Seeing Gwen Marston in action and hearing her stories addressed my concerns and converted me to her fan club.While piecing our liberated stars we talked about Gwen's favorite quilters. Of course she discussed Mary Schafer, about whom Gwen has authored two books Mary Schafer, American Quilt Maker and the currently out of print Mary Schafer and Her Quilts. Additionally she mentioned Susan McCord and Emily Adams (I might have written down the latter incorrectly - but The Quilt Index does have a number of quilts under the name Emily Adams Hubbell). She talked a lot about Susan McCord's work, noting that it is housed in the Henry Ford Museum in Michigan. She was especially taken by McCord's use of four unique applique borders on one quilt as well as her use of three, two, or even one border. She specifically mentioned a turkey tracks quilt by McCord with one applique border with sensational, exquisite, detailed applique that probably could not be sustained for four borders. She liked the idea of exerting the same amount of effort your might put into all four borders, but concentrating it all on one amazing border.Her favorite style of American quilts are folk art quilts. She started making pieced traditional quilts. She said, "As most young quilters do, I thought I knew a lot about making quilts." [As a young quilter I don't take offense, particularly as I don't think I know much at all about making quilts -- not to mention my whole Buddhist beginner's mind approach, but this isn't about my issues.] Through extensive research into actual early quilts she discovered that quilts didn't conform to the 1970s ideal of the traditional quilt. Real early quilts (as opposed to idealized traditional quilts) had borders chopped off, borders that were not the same, points that didn't match, fewer than four borders, and all sorts of characteristics that "traditional quilters" would categorize as flaws.In studying folk art traditions including but also beyond early American quilts, Marston noticed some universal folk art characteristics including lack of set patterns, frequent color substitution, and the free placement of elements. She specifically focused on the transmission of design elements among craftspeople, the appearance of design elements across cultures and media, and the transmission of wisdom through folk art. For example, the traditional design elements in kilims from Anatolia were passed down from weaver to weaver the same way traditional quilt block designs like churn dash were passed down from quilter to quilter. People then interpreted these design elements as they saw fit. Some design elements appear across cultures and media. For example, she found flying geese designs in a kilim as well as an Uzbek ceremonial horse blanket. Folk art tends to convey wisdom from one generation to the next. For example she has an example of Ghanaian applique which conveys parenting advice, "Don't tell a child not to eat hot peppers. He will find that out soon enough." Another Ghanaian applique depicts a man on the ground lying on top of a gun with a leopard on his chest. The moral of that story, "If you shoot the leopard and do not kill the leopard, it would have been better not to shoot the leopard."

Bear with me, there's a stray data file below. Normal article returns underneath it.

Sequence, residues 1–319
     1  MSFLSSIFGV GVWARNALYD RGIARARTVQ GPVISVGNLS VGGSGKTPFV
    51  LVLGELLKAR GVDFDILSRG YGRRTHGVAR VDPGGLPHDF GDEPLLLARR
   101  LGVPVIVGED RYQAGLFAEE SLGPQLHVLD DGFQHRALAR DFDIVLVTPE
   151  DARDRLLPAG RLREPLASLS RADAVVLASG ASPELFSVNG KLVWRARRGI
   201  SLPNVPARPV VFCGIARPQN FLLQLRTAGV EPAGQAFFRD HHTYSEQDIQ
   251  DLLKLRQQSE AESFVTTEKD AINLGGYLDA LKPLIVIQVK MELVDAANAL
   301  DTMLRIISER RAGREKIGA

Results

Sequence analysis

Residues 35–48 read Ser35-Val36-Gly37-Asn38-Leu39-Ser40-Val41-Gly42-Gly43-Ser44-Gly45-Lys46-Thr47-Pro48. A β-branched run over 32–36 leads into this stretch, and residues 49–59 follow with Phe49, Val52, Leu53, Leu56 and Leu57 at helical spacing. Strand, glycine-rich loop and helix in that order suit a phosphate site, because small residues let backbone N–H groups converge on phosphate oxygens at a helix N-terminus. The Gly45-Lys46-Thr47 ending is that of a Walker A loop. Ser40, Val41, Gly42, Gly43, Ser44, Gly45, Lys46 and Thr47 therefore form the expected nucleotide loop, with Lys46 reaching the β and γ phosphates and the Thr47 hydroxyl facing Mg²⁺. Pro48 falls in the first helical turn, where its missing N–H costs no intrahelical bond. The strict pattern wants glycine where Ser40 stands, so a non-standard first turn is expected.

She admonished the collected quilters that Picasso wasn't worried about coloring within the lines. In other words, precision does not equal artistic success. A good lesson for quilters, young and old.

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4 comments:

Thalia said...

I love all the pieces in the photos you posted, and can't wait to see what you do with them. Amazing.

Lazy Gal Tonya said...

I love this post. I am a fellow Gwen Marston fan and love her liberated quiltmaking. It was great to "hear" Gwen's lecture secondhand. Wonderful stars.

Cher said...

I followed Tonya's link to your post and so enjoyed it..thank you so much

belinda said...

Lazy Gal Tonya sent me over...loved your thoughts in this posting about Gwen/quilts. Your stars look great!